Line Arrays Are Often Not Appropriate in Rooms with Height Constraints An ideal (theoretical) line array is infinitely long, which of course is only a concept. Such an array would have the same long throw vertical directional characteristics at all frequencies. This ideal can only be approached in practice. For a practical array of a given length, as you go down in frequency the narrow vertical pattern eventually begins to widen and continues to widen with decreasing frequency. The frequency at which the pattern begins to widen can be called the vertical directivity break frequency. Below the break frequency, the line array behaves more and more like a conventional loudspeaker. How long a line array should be to hold its directional characteristics to a given frequency and what that frequency should be varies with whom you ask. A conservative view is that the overall array height must be four times the wavelength of the lowest frequency to which the desirable line-array directional characteristic is held. Wavelength is equal to the speed of sound divided by frequency: Wavelength (ft) = Speed of sound (ft/sec)/Frequency (Hz), where the speed of sound is 1,130 ft/sec. 1,000 Hz is a reasonable minimum frequency down to which the line characteristic should be held. Substituting 1,130 ft/sec and 1,000 Hz in the above equation gives: Wavelength (ft) = 1,130 ft/sec 1,000 Hz = 1.13 ft. Four times 1.13 ft yields a minimum array height of about 4.5 ft. Holding the line array characteristic to 500 Hz (audibly desirable) doubles the array height to 9 ft. The problem with high line-array vertical break frequencies is that the spectral distribution of program material or sound qualitywill not be constant from front to back
2 EASE model courtesy ASCOM, Inc., Wyoming, Michigan.

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in a venue. Above the 1,000-Hz break frequency, the falloff of sound level could follow (depending on specific configuration) the line-arrays minimum 3 dB per doubling of distance as described on page 2 (great). Below 1,000 Hz, the array begins to behave like a conventional loudspeaker and eventually the sound-level fall-off is 6 dB per doubling of distance. If the sound is nicely balanced up front, it will be thin (lacking in mid-bass and bass) and possibly unpleasant at the rear. For the above reason, line arrays more typically range from about 9 to 18 ft in height, with the 18-ft array providing (using the conservative four times rule noted above) a break frequency of 250 Hz. The 18-ft array has the advantage of providing very natural speech quality front to back. Can I Cheat a Bit? Some practitioners say that the length of the an array must be only two timesnot fourthe wavelength of the desired break frequency. Still, EV does not recommend a line array shorter than the 4.5 ft mentioned above, for a 1,000-Hz break frequency using the four-times rule. Four boxes of the EV XLC-127DVX compact line array modules are 57 in. tall; six boxes of the very compact XLD281 modules are 59 in. tallboth arrays approaching 5 ft in height, significantly higher than a typical large-format conventional system such as the EV Xi-1153A/64F (3 ft). Practical Examples of Height Constraints The room in Figure 7 (page 3) is one example of a height constraint. This mid-1980s auditorium opened with an array of high-frequency horns and separate low-frequency systems, a common approach of the day. All components were hidden from view by a grille about 22 ft wide and 4 ft high. This opening will not accommodate the short line arrays mentioned above, which in any case would have both a high, 1,000-Hz vertical break frequency and a vertical coverage angle far less than the required 85. Another example is shown in Figure 8, where the trim height for a line array is very low compared to the longest throw. The left and right line arrays that would cover the space uniformly would be very long and for many observ-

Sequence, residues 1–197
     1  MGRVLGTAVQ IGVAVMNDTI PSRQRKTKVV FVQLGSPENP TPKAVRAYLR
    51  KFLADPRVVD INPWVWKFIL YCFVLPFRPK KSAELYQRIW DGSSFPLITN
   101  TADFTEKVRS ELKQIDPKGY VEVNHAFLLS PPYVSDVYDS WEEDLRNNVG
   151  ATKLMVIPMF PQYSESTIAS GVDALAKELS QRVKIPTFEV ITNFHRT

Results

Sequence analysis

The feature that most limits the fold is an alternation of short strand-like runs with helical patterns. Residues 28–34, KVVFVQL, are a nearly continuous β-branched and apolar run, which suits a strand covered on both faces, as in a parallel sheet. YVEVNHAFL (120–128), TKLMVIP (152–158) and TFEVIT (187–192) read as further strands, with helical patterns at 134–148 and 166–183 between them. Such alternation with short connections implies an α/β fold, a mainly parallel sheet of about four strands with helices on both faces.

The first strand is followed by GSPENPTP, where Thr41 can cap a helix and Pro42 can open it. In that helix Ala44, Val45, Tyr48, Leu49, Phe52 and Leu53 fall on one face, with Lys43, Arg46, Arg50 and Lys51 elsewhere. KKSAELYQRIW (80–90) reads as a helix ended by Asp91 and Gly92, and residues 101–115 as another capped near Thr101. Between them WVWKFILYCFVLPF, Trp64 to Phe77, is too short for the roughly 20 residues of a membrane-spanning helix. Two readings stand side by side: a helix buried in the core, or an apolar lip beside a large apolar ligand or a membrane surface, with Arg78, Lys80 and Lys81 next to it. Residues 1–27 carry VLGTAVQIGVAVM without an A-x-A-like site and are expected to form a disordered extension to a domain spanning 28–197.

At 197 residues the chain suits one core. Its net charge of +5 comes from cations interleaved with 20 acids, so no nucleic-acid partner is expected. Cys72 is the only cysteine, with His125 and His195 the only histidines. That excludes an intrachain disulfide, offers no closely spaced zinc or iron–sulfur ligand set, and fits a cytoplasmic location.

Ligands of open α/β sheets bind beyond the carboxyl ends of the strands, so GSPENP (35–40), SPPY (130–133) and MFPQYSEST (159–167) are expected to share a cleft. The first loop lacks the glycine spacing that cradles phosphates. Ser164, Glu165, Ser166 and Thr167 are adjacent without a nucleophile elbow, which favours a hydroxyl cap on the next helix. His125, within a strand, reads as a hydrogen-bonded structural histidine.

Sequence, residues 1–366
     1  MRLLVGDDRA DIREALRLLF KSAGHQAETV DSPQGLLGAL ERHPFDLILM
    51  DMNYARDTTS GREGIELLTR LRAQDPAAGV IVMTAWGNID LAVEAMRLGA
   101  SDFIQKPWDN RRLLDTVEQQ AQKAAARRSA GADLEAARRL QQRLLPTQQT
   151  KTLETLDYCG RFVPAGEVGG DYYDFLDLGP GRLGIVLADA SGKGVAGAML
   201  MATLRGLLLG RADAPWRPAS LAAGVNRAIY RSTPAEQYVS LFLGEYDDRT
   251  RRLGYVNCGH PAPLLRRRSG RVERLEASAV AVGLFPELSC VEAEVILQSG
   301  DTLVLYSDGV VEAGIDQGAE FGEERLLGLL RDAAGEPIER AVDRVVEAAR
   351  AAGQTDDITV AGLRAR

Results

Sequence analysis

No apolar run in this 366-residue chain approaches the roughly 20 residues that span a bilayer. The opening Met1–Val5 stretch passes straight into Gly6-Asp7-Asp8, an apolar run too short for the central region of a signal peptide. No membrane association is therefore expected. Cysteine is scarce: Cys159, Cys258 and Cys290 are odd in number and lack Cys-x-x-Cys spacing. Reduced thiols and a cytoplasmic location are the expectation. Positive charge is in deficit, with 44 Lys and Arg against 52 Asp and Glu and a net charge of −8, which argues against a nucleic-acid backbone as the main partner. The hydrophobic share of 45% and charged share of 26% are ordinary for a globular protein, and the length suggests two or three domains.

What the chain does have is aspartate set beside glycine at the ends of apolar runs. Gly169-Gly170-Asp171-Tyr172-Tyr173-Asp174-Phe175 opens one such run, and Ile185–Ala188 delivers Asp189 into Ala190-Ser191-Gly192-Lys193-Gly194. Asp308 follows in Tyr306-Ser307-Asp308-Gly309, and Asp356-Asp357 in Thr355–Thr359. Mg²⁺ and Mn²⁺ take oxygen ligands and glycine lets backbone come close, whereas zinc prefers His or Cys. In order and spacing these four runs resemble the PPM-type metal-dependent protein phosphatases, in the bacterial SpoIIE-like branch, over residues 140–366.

ers interfere with the video screens behind and/or next to them. For this church, conventional systems in an exploded horizontal array for the first half of the seating and delayed satellites serving the rear seating would be an appropriate approach that keeps all loudspeakers just above the ceiling beam structure and well out of sight. Line Arrays May Not Be Right for Venues Where the Available Horizontal Coverage Angles Are Inappropriate Initially conceived for one-night stand arena and stadium applications, concert-type line arrays were designed with wide horizontal coverage angles, i.e., 90 and 120. These wide angles are overkill for some auditorium and church venues, spraying energy on the reflective side walls and reducing voice intelligibility. More recently, some manufacturers have offered an expanded choice of horizontal angles. REBIRTH OF THE ONE-BOX LINE ARRAY During the last several years, one-box line arrays have reappeared, often in boxes similar in size to the historical systems shown in Figure 1. Only brief comments follow. Like their older brethren, output ability is limited compared to the concert-style arrays discussed above. Low frequencies and extreme high frequenciesor at least the desired line-array vertical directivityare also lacking. These limitations make them most appropriate for speech. However, their tall, narrow shape complements vertical architectural elements, such as columns. The most technically advanced one-box arrays are digitally steerable in the vertical plane. It is possible to mount a box vertically while still directing the output where it needs to go.

Bosch Communications Systems 12000 Portland Avenue South Burnsville, Minnesota 55337 USA

Figure 8. Side view of church in which the DL/DS ratio and the required vertical angle are appropriate for a line array but the array trim height and possible locations obstruct the view of the video screens from many seats (drawing courtesy Kirkegaard Associates, Chicago).

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2007 Bosch Communications Systems